Biofuel crops (photo: Texas A&M University biofuels research alliance)Enlarge Photo
With flex-fuel cars that can run on E85 ethanol still a minority of the vehicles on sale, you might think ethanol isn't as important as some other future fuels.
But up to 10 percent of every gallon of gasoline you buy today is ethanol, and that proportion may rise to as much as 15 percent if gas stations migrate to so-called blender pumps.
Congress has mandated increasing volumes of ethanol in the U.S. fuel mix, though some analysts say the rules simply can't be met.
So what exactly are the benefits--and the problems--of using ethanol as a vehicle fuel, in whatever proportion?
There are many reasons to support a move away from fossil fuels, but one of the most compelling is to improve U.S. energy independence.
Though the U.S. has its own reserves of crude oil, large amounts are still bought in from politically unstable regions of the Middle East.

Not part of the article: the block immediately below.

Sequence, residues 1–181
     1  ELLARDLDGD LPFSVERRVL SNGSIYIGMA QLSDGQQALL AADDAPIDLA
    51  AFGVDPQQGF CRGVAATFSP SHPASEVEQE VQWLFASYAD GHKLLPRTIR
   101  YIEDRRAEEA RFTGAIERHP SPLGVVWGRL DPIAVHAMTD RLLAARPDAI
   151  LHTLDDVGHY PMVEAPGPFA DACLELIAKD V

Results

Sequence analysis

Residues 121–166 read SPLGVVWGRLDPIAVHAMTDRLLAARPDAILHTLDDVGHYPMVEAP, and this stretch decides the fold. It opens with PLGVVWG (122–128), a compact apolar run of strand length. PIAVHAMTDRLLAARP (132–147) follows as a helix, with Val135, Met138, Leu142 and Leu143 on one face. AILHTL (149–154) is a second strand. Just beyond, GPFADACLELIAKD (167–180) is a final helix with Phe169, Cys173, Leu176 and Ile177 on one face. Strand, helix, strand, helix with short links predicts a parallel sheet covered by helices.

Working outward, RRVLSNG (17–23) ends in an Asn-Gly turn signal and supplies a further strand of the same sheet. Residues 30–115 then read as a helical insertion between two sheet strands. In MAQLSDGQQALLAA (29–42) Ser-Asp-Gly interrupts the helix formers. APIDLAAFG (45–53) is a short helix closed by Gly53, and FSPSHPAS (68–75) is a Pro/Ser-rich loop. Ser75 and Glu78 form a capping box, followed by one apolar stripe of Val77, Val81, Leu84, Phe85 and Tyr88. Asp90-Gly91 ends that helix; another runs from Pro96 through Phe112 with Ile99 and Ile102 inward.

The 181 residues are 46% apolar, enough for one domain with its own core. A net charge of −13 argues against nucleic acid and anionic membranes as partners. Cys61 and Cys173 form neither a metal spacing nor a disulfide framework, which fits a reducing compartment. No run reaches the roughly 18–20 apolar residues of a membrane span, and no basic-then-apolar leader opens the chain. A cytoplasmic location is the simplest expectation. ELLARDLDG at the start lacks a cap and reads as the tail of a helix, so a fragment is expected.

Reducing the use of a fuel that could suddenly dry up through trade restrictions or suddenly cost more is very much a priority, and ethanol--which is mostly produced domestically--is one way of hedging against those threats.
Large swathes of countryside, particularly in the Midwest, are set aside for the corn used as a feedstock for refining ethanol.
As demand increases, that has a positive effect on jobs. More ethanol production in the U.S. means more jobs for U.S. citizens.
Ethanol is also greener than gasoline, because corn and other plants absorb carbon dioxide from the atmosphere as they grow. The fuel still releases CO2 when you burn it, but the net increase is lower.
Potentially, ethanol is also tailor-made for newer, higher-compression engines.
A high compression ratio usually requires higher octane levels in the fuel to prevent pre-ignition, a condition that puts high levels of stress on an engine. Ethanol has a higher octane rating than regular gasoline, so it's suited to these efficient, high-compression designs.
Lastly, using ethanol as a small portion of the gasoline blend offers adaptability. Any car since 1980 has been designed to handle up to 10 percent ethanol in the gasoline, letting you run that percentage of your miles on a domestic fuel rather than irreplaceable fossil fuels.
But to go with the Pros, there are also some Cons (see next page).